Ziggy Hood:

Having played little to no 5-Technique Defensive End as a DT at the University of Missouri, Ziggy Hood walked into the unknown after being drafted by the Steelers in the 1st Round of The 20o9 N.F.L. Draft.  But if last season was any indication of the bright future the Zig-ster has with the Steelers, it seems all the guy needed was a year of seasoning to become the next solid and versatile 5-Technique Defensive End pumped out by longtime Defensive Line Coach John Mitchell.  Unlike most 5-Technique DE’s, Hood is an adept pass rusher when called upon, and is arguably the best on the team right now at harassing the QB from the DE position.  Ziggy amassed 3 sacks in the 2010 regular season and 2 sacks in the postseason where he was able to showcase his pass rushing/disrupting ability (especially the Baltimore game).  It was likely that Hood’s solid play down the stretch led to former backup DE Nick Eason being let go in the offseason.  If Smith or Keisel happen to go down at any point in the season with an injury, Hood should be able to step in and perform well.  With his strong finish to 2010, Ziggy should enter 2011 as the top backup at DE.  Furthermore, Hood should inevitably gain some first team reps in practice so he can spell the aging starters and keep them fresh throughout the season as well.

Cameron Heyward:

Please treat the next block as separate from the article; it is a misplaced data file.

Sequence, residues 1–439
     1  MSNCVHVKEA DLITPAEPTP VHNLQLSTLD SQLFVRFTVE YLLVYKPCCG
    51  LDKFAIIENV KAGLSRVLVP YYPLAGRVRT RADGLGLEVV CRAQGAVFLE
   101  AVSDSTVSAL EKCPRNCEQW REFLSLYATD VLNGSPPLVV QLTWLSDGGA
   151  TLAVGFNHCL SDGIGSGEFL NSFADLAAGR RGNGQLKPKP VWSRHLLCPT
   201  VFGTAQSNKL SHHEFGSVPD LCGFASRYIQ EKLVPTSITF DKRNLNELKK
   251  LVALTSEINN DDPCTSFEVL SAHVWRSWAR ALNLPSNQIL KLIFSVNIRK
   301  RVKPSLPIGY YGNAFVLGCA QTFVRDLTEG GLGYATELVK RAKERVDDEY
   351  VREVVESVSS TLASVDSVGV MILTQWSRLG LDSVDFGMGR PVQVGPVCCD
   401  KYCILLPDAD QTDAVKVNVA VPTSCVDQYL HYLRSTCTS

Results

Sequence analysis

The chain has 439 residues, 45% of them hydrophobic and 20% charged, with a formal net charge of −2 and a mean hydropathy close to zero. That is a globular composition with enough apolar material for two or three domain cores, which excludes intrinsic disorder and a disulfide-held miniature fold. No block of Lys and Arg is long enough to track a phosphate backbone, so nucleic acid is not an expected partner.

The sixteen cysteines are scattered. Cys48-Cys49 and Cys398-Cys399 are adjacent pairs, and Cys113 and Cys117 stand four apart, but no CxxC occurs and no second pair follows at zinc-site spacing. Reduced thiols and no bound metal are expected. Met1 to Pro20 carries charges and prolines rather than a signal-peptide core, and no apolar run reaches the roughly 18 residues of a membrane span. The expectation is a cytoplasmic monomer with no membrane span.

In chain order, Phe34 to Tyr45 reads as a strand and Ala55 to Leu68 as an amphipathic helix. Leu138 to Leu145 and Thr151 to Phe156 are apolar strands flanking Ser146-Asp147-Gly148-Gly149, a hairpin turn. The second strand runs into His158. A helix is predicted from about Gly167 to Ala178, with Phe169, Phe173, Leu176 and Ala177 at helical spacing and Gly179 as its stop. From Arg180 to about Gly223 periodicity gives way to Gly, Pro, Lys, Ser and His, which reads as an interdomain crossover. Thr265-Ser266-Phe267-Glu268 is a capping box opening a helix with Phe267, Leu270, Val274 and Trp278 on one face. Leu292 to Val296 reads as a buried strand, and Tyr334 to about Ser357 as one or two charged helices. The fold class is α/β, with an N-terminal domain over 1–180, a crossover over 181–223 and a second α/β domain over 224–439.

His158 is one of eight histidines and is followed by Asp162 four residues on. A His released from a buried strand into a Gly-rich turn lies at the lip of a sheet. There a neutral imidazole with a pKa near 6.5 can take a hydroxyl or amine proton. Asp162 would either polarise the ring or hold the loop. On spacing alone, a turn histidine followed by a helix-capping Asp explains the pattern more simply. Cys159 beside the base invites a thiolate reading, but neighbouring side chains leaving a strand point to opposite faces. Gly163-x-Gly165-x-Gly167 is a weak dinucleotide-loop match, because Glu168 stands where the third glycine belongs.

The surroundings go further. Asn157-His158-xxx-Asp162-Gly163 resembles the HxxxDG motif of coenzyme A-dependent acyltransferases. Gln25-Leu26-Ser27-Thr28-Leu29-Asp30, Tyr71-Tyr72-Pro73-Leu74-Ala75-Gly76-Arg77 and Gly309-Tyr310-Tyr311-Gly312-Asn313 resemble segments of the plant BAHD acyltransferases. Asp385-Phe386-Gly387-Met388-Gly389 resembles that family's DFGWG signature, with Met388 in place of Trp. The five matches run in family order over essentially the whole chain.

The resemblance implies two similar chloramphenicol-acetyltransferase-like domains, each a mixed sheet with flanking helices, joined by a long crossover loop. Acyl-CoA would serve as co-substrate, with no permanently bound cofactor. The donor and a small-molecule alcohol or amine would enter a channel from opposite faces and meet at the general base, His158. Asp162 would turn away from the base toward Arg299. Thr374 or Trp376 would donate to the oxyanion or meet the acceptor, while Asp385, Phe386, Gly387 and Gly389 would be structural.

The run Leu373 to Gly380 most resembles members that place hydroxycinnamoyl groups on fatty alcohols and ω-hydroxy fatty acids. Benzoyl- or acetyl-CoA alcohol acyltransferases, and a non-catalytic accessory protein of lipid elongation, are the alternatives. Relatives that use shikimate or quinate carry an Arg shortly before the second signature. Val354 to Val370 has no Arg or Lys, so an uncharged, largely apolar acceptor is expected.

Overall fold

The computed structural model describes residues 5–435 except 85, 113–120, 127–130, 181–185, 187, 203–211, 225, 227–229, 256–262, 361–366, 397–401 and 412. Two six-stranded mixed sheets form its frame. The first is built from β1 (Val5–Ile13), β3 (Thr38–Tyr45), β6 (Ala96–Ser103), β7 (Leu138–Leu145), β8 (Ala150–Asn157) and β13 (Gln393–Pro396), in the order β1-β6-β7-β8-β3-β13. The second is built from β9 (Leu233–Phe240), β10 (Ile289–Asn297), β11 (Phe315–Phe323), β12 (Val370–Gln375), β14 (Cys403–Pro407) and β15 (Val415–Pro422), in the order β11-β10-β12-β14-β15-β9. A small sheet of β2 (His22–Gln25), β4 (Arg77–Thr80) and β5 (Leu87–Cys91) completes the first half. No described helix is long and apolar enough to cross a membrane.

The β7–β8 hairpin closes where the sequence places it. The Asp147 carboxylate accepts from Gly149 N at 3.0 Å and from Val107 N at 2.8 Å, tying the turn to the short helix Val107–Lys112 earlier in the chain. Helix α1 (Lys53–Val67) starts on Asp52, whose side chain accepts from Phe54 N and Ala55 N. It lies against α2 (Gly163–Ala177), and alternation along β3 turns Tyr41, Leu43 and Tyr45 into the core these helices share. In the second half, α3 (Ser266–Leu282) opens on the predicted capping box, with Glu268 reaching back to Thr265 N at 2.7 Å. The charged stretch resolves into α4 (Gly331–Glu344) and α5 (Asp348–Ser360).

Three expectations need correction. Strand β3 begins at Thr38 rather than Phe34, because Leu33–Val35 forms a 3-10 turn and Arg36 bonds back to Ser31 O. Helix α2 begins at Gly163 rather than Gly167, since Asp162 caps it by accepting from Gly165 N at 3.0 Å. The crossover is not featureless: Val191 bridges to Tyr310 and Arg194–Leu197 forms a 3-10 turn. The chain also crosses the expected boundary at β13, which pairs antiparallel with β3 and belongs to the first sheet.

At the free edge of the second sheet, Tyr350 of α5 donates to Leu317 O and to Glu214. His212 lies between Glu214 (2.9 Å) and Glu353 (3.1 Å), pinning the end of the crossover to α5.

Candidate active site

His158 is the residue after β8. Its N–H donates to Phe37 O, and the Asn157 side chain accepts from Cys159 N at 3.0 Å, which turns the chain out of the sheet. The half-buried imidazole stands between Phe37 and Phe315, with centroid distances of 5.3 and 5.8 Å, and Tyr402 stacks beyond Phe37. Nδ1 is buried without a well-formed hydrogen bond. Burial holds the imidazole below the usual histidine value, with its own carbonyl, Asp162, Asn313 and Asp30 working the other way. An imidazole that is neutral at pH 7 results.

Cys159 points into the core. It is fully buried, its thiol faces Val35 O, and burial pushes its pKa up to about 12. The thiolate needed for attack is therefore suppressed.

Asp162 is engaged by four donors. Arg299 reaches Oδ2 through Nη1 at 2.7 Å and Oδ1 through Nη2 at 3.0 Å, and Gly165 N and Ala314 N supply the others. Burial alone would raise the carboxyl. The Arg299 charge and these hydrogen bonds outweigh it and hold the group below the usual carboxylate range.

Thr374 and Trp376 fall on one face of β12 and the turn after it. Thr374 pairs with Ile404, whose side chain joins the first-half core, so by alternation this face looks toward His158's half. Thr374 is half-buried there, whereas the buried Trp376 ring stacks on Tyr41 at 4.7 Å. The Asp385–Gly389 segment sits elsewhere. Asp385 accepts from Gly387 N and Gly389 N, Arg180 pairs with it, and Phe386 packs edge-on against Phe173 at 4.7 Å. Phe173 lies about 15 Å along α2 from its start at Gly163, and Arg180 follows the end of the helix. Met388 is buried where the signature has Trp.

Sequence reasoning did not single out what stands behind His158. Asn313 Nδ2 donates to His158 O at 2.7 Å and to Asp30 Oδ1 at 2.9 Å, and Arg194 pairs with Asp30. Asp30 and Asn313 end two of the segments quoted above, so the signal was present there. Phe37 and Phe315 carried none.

Kevin Colbert got Coach Mitchell an awesome prospect in Heyward when they selected him with the 30th pick in this past April’s Draft.  Heyward at 6’5″ and 290 lbs. fits the bill in terms of size as a prototypical 5-Technique DE.  According to his profile, Heyward amassed career stats of 162 tackles and 15.5 sacks while playing all 4 years at O.S.U. and starting 3 of them.  And while his sack production may have been a bit down last season (Down from 6 to 3.5), Heyward’s pass rushing ability from a 5-Technique DE standpoint is very effective.  Heyward’s size has allowed him to hold his own and perform well in his college career against the run.  Many scouts and scouting websites such as, view his ability to play the run and occupy blockers as quite good and something a team running a 3-4 would look for in a DE.  One cannot argue with the production he had in college playing against teams of the highest caliber that were keying on him every week.  Heyward’s finest performance of the 2010 season was no doubt in the Sugar Bowl against Arkansas.  Heyward’s stat line at the end of the game read 1 sack, 3.5 tackles for loss, 2 QB hurries, and a pass deflection.  Truth be told, those impressive stats don’t do Heyward much justice, because anybody who watched the game could see that he pretty much had his way with future Minnesota Viking OT DeMarcus Love.